One of my top candidates for Most Dubious New-Product Function Posing as "Added Value" belongs to the digital video recorder that can nab a TV show a full year before it airs.
Who do these guys think we are, some kind of Nostradamuses of network programming?
Then again, five years ago I'd have laughed if you had told me I would own a video camera with night vision. And now I do.
The feature came with other cool options - I can't recall what they all are. "Nightshot" has been ideal for making green-tinted family videos that look like Defense Department footage of a midnight raid.
I'd have to call it extraneous.
These days, many such "bonus" product features go way beyond convergence - where, say, voice and data messaging meet up in a little hand-held device.
Over the past year or so, we've seen the rise of washing machines that tell users how to treat fabrics, refrigerators that surf the Web, and portable music players that hold 4,000 CDs worth of music.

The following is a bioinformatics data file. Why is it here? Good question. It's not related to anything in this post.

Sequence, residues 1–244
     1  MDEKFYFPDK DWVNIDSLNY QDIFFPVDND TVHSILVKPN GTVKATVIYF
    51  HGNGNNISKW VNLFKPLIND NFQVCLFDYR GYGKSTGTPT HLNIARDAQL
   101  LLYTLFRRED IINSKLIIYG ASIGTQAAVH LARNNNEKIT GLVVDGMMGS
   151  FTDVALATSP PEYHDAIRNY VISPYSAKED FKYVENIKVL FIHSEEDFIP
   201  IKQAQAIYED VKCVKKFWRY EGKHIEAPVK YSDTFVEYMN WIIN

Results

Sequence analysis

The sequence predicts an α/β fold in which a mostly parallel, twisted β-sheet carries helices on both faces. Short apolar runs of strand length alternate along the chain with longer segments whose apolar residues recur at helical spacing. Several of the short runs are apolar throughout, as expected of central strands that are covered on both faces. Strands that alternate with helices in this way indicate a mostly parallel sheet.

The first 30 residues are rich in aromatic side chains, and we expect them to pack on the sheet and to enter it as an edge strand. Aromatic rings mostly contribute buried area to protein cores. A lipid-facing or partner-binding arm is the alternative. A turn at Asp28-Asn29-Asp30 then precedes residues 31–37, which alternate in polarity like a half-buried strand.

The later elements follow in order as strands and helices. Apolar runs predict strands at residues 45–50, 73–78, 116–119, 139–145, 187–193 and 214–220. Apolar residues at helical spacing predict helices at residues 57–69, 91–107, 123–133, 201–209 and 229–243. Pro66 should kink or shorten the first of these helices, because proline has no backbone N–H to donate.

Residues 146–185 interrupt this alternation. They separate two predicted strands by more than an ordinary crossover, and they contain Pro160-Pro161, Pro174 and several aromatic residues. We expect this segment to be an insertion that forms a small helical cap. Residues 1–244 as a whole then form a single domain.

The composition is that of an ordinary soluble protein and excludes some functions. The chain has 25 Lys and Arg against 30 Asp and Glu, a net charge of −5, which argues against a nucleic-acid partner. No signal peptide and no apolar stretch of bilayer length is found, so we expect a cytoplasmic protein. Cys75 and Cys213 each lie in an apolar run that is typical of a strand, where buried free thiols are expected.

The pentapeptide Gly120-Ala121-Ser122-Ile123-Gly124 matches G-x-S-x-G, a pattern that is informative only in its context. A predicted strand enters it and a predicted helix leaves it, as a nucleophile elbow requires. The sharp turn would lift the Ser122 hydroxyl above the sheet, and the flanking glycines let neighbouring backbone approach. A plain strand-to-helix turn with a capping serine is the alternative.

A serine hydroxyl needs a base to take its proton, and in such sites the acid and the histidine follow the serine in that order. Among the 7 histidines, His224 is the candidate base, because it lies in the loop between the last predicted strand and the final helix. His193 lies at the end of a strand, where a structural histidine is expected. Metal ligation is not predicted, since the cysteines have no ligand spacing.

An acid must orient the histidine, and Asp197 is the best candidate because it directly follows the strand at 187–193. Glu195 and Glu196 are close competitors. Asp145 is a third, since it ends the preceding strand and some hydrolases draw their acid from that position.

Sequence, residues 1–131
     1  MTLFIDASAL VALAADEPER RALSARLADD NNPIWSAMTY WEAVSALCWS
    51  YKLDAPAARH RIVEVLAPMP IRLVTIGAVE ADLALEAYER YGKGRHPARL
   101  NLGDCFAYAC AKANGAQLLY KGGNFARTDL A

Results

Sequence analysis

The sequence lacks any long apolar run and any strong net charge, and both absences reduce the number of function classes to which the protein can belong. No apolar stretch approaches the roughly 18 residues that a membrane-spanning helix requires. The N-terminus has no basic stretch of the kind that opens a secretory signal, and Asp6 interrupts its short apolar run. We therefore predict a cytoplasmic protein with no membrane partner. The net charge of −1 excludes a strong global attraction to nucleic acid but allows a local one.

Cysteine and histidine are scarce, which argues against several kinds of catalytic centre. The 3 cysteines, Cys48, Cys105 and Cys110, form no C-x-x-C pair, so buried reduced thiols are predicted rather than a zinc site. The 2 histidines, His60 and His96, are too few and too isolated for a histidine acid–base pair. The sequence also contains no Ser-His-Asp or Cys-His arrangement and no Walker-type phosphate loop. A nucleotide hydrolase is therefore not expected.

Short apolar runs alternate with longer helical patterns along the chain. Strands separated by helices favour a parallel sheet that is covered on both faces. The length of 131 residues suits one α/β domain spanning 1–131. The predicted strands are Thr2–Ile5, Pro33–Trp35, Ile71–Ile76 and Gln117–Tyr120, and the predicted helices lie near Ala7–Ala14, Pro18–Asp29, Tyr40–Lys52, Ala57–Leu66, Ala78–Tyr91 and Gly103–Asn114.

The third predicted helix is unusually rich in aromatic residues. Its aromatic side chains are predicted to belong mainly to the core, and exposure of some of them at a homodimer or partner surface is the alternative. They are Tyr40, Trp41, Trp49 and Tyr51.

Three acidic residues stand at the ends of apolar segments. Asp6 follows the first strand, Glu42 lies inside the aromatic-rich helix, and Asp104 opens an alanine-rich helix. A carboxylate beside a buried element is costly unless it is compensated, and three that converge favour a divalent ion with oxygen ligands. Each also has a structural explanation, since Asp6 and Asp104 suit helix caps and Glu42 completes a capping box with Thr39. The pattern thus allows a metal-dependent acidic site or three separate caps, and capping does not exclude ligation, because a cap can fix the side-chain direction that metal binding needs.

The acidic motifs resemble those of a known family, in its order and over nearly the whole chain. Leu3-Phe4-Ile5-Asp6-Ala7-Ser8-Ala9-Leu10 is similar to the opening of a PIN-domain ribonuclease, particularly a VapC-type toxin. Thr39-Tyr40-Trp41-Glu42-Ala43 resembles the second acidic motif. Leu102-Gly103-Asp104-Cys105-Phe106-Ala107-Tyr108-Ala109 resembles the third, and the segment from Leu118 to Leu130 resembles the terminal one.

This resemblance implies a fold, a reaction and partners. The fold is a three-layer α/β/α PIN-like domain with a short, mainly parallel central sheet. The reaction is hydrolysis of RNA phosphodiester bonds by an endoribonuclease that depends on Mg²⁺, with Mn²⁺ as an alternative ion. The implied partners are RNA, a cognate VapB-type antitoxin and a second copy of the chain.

Once, such technology was sold only to those fringe consumers who monitor the trickle-down of military technology. Now it's marketed to the mainstream, where it's sometimes embraced. (Roseanne Barr is said to have quipped that she'd use a vacuum only when Sears made one she could ride on.)
So is a search for real simplicity a viable consumer tactic?
When I lost my digital Sony Walkman recently, I replaced it with a $6 analog model from a low-end maker. The radio-only device can't hold a signal. Its cheap earphones don't fit in my ears.
I just want a radio. But most good portables come with CDs or MP3s. Like other consumers, I'm scanning for some middle ground.